November 01, 2011
ISS Seeks Investor Input for Revised Proxy Voting Policies
by Robert Kropp
Institutional Shareholder Services says the comment period for the 2012 update of its proxy voting
policies will run through November 7th.
The contribution of proxy advisory services is credited as a factor in the marked increases in
shareowner support for environmental, social, and corporate governance (ESG) proposals over the
past two proxy seasons. For years, proxy advisors automatically advised against voting in favor of
ESG-related proposals, particularly those addressing environmental and social issues; however, in
2011, Institutional Shareholder Services
(ISS) supported 70% of them.
Each year, ISS revises its proxy voting policies,
in advance of which it seeks input from institutional investors, corporate issuers, and governance
market participants. This year's comment period will run through November 7th. ISS plans to release
its policy updates during the week of November 14th.
One area in which ISS plans to hone
its voting policy is hydraulic fracturing, or fracking. Shareowner resolutions addressing the
controversial practice of natural gas extraction gained more than 40% of votes in 2011. Coordinated
by Green Century Capital Management and
the Investor Environmental Health Network
(IEHN), the proposals requested greater disclosure from companies on issues of water resources
and toxic chemicals used in the practice.
Also, the Securities and Exchange Commission
(SEC) has asked companies to provide it with information regarding toxic chemicals and other
environmental impacts, while the Environmental Protection Agency (EPA) is continuing its study of
the potential impacts of the practice on drinking water and groundwater.
At present, ISS
does not have a voting policy specifically addressing hydraulic fracturing, but instead uses its
General Environmental Proposals and Community Impact Assessments policy to guide its evaluations.
For 2012, however, ISS proposes a policy according to which it will generally vote in favor of
proposals calling for greater disclosure.
Another area in which ISS is considering a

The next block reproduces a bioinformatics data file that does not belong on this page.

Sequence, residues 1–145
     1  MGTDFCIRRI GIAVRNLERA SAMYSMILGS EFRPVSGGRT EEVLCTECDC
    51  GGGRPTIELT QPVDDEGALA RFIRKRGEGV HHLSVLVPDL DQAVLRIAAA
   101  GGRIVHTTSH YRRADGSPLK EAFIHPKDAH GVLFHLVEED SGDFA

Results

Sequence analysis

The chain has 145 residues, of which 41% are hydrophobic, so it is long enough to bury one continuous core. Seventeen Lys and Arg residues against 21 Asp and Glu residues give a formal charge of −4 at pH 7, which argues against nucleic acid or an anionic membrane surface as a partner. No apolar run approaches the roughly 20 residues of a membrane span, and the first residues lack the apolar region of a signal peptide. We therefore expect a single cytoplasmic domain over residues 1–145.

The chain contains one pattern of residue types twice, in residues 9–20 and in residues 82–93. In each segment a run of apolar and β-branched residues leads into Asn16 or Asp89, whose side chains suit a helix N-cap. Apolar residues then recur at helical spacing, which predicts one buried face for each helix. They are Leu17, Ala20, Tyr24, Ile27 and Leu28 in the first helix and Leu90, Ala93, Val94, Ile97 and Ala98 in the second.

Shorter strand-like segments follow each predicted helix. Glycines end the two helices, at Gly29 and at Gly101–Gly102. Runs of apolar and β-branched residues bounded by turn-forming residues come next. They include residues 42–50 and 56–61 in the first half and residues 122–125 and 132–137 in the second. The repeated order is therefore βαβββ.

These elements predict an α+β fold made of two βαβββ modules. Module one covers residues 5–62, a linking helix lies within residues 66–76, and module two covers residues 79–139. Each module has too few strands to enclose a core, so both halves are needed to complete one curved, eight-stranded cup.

change in its voting policy is corporate political contributions. Especially with national
elections scheduled for next year, the impact of the Supreme Court's Citizens United decision has
raised concerns among investors that companies could incur considerable risk associated with
An investor-driven initiative led by the Center for Political Accountability (CPA) has
engaged with 200 companies on the issue since 2003. Currently, 88 companies have responded with
disclosure of policies relating to political contributions, including 57 listed in the S&P 100.
The ISS voting policy on resolutions addressing greater disclosure of a company's
political contributions and trade association spending policies and activities considers each
proposal on a case-by-case basis. However, ISS now proposes to generally vote for such proposals.
"More than half of the investor respondents consider the various types of contributions of
corporate funds for political purposes including direct contributions, contributions to trade
associations, or payments made for grassroots lobbying as either 'critical' or 'important' to their
organization," ISS stated. "Furthermore, more than half of investor respondents also indicated that
political spending-related disclosure, policies, and practices are either 'critical' or
On the issue of proxy access, ISS proposes to continue its policy of
evaluating proposals on a case-by-case basis, but to consider additional information while doing
so. ISS has also proposed changes to its evaluation of proposals on executive compensation.